Assistant Professor David Shull of Western Washington University uses a VideoRay Pro 3 GTO in the Bering Sea to study the ecosystem.
A VideoRay Pro 3 GTO ROV recently played an important role in the Bering Ecosystem study, a National Science Foundation sponsored expedition to study the importance of sea ice on productivity in this important ecosystem. Scientists reached the sea ice in spring 2008 aboard the United States Coast Guard Icebreaker Healy.
David Shull of Western Washington University deployed the VideoRay ROV through holes cut in ice floes in order to study the role of ice algae as a food resource for the Bering Sea food web. The ROV was fitted with a light meter, a UNISENSE oxygen microsensor and a Nymotion micropositioning system in order to estimate rates of algal productivity from small-scale gradients in dissolved oxygen under the ice. The VideoRay also documented krill (genus Euphausia) apparently feeding on the ice algae.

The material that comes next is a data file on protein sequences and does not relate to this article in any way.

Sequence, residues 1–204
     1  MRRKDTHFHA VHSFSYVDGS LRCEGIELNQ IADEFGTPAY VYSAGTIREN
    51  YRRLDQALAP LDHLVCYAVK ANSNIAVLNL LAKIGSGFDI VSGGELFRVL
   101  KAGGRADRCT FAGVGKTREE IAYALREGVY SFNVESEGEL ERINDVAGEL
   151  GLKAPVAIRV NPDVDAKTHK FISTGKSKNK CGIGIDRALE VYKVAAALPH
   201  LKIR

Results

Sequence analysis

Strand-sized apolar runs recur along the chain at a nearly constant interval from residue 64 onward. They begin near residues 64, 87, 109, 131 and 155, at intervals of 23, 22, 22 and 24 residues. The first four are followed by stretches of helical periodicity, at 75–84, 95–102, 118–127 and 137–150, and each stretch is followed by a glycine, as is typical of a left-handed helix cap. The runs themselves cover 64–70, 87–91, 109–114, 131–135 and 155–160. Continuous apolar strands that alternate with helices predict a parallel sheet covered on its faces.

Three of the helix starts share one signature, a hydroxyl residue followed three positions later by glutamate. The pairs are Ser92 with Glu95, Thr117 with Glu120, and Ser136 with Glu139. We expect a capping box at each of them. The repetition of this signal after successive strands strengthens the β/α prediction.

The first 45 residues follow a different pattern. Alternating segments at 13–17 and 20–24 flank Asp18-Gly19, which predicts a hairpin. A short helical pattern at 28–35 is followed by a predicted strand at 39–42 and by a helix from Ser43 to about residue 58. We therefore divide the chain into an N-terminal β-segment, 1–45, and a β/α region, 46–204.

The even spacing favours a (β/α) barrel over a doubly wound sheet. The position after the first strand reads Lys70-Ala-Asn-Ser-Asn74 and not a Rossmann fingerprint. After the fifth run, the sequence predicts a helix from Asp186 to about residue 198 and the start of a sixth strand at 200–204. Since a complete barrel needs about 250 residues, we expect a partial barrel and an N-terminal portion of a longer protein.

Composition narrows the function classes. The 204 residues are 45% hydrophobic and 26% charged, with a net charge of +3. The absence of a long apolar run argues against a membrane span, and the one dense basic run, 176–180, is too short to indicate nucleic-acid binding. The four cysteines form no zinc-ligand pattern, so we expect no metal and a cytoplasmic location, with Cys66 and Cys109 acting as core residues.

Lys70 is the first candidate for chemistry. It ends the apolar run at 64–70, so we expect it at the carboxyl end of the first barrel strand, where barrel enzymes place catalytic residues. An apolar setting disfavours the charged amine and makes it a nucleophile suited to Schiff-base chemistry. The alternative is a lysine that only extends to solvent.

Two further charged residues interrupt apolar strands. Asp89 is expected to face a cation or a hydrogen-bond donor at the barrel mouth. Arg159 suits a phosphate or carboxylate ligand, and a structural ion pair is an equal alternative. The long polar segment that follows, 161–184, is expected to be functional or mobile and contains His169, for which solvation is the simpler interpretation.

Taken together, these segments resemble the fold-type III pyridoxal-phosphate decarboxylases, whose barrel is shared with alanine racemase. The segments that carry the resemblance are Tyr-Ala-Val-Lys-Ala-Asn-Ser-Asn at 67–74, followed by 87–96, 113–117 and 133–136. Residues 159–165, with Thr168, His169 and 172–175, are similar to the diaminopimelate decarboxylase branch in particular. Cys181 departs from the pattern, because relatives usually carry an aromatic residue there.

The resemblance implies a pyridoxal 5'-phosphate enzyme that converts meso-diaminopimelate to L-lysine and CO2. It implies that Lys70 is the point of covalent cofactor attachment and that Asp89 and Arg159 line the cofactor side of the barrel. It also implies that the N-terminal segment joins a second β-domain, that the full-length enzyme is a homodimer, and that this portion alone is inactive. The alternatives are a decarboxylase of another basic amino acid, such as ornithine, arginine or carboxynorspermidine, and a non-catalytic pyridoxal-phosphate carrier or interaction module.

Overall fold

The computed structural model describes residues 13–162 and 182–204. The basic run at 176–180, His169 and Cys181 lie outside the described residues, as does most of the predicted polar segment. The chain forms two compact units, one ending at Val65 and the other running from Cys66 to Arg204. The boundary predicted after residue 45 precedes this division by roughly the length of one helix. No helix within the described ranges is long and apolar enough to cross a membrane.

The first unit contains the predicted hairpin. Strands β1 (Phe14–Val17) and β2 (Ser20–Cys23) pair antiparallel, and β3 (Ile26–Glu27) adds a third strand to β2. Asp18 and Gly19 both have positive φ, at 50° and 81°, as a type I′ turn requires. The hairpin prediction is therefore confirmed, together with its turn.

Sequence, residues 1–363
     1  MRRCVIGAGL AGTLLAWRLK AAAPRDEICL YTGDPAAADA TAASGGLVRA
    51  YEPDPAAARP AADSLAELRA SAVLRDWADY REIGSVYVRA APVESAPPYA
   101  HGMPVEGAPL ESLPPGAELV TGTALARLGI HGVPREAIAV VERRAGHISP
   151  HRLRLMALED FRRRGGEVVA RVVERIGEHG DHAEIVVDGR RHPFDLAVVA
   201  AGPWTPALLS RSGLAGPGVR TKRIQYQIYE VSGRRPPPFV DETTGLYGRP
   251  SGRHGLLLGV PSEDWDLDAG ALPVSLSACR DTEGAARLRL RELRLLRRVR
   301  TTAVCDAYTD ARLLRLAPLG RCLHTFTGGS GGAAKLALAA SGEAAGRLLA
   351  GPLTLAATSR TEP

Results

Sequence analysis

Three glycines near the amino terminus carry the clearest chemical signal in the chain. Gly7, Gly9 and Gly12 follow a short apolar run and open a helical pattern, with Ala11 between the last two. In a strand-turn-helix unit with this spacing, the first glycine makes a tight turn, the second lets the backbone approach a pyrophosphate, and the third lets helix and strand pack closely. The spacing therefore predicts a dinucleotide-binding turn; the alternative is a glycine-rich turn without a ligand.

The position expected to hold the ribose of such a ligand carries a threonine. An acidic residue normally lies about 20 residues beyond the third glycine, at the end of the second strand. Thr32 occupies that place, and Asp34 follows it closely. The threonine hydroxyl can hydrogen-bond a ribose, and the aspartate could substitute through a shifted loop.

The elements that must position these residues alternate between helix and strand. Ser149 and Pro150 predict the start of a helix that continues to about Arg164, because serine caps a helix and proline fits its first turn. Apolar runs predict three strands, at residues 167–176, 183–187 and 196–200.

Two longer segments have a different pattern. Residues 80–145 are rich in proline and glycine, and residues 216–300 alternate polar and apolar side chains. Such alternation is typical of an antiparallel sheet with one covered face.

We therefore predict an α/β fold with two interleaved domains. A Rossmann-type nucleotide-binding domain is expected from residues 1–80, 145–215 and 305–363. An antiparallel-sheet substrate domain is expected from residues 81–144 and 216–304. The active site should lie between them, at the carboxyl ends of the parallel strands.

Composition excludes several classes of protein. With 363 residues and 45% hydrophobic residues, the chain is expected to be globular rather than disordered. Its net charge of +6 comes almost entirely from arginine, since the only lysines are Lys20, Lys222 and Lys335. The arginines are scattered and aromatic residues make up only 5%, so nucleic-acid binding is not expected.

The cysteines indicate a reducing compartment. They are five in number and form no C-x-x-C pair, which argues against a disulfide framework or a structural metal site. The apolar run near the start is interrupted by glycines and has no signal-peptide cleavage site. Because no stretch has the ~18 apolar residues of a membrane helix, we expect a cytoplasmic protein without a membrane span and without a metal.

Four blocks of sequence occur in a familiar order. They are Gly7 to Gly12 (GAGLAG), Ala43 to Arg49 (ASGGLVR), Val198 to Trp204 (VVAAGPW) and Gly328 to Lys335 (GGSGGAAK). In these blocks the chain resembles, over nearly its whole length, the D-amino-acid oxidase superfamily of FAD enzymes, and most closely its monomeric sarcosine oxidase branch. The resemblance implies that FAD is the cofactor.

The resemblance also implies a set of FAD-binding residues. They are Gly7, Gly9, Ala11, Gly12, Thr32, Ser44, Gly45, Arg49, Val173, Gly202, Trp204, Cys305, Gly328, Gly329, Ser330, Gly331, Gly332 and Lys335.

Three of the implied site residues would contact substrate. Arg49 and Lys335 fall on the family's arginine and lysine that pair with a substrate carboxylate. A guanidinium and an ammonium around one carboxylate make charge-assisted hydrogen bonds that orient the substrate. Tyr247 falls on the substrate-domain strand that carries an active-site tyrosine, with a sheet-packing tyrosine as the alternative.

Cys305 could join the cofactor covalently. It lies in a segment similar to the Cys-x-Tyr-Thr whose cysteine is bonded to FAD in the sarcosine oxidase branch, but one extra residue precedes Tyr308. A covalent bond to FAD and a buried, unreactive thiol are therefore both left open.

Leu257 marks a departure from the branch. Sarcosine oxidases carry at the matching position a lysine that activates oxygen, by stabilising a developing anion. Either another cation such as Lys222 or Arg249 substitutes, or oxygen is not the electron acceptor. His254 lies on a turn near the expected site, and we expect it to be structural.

The Bering Sea is the most important commercial fishing region in the US, accounting for over half of all commercial landings. Patterns of productivity associated with Bering Sea ice floes have changed in recent decades due to a trend in reduced ice coverage and earlier melt back. The small size and maneuverability of the VideoRay Pro 3 GTO enabled researchers to obtain precise measurements in this challenging environment.